Learn how your company can create applications to automate tasks and generate further efficiencies through low-code/no-code tools on November 9 at the virtual Low-Code/No-Code Summit. Register here.

A teenage prank on Twitter turned into the hack heard round the world Tuesday — and VentureBeat now has the story behind it. Through an exclusive interview with the two New Zealand kids whose code spread around the world in minutes, we learned exactly how idle mischief from down under turned the fast-growing microblogging site upside-down.

The incident raised questions about Twitter’s security. The site has swiftly grown to more than 140 million users. It recently raised $100 million in venture capital and is valued by its investors at more than $1 billion. It has gone on a hiring spree, even as many question its plans to make money. And the fact that two teens were so easily able to take it over raises the concern that it’s neglecting security amid its torrid growth.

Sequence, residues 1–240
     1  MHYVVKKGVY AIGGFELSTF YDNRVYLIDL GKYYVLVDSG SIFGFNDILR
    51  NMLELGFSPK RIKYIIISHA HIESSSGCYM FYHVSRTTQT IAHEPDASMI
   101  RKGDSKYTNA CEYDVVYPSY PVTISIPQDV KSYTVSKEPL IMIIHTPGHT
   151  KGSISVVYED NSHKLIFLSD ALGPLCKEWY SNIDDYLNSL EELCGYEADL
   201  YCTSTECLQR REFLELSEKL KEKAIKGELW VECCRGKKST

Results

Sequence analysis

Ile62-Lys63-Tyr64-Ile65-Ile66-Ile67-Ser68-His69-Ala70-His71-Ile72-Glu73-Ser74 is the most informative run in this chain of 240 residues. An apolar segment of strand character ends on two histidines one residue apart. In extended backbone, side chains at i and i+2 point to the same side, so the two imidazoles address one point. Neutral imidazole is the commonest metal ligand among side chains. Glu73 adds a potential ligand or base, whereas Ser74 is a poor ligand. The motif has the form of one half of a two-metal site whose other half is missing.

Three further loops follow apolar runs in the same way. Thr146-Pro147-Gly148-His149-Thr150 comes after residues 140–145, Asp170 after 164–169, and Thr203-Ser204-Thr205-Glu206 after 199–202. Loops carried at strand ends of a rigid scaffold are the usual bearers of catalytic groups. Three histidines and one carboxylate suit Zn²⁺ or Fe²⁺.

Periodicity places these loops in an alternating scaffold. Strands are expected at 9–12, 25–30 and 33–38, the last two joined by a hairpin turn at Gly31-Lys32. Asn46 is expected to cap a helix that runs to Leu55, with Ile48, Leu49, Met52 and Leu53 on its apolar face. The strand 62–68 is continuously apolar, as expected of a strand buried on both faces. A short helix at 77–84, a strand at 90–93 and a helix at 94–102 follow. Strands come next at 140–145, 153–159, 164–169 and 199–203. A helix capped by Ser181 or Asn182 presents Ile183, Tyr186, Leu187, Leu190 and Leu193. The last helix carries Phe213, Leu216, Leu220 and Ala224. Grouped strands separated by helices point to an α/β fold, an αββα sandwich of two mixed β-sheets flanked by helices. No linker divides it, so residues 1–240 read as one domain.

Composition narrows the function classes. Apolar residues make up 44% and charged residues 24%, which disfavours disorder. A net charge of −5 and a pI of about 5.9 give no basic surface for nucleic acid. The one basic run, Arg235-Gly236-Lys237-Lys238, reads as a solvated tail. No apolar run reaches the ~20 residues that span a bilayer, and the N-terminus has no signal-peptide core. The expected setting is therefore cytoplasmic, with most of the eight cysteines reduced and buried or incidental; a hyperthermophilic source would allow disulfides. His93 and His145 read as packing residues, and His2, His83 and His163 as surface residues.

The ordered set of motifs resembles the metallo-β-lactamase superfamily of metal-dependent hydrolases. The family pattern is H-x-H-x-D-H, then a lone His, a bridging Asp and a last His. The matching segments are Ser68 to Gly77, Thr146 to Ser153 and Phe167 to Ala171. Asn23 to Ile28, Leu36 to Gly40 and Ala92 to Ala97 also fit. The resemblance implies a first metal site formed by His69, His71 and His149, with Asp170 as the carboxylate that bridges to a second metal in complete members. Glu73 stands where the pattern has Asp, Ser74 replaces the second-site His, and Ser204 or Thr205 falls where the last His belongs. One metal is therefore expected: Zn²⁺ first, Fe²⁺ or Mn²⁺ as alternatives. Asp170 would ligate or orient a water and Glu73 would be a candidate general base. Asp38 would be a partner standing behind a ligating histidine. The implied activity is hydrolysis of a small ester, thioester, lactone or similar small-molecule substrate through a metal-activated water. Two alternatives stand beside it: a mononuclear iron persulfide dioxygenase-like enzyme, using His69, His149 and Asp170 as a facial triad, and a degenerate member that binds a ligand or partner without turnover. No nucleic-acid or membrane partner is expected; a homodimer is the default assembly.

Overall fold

The hack first spread through an account named @Matsta, who resides in Auckland, New Zealand, the city where I live. I got in touch with Matt, the 17-year-old behind that Twitter handle, to find out the real story.

Matt and his friend Harrison, both high school students, admited that they were involved in spreading the exploitative code. (Both are 17, so VentureBeat is not publishing their last names.) Drawing from our exclusive interview with the pair, who have both blogged about the incident, we now have the story behind the Great Twitter Exploit of 2010.


Low-Code/No-Code Summit

Join today’s leading executives at the Low-Code/No-Code Summit virtually on November 9. Register for your free pass today.

Register Here

The hack used well-known security flaws in JavaScript, a simple programming language used extensively in websites, to take over the accounts of Twitter users when they visited the service’s website. Users rolling their mouse over certain pages and links automatically retransmitted malicious code, messages, and links to their followers — the mechanism by which the Twitter worm swiftly spread. Twitter fixed the exploit later Tuesday morning.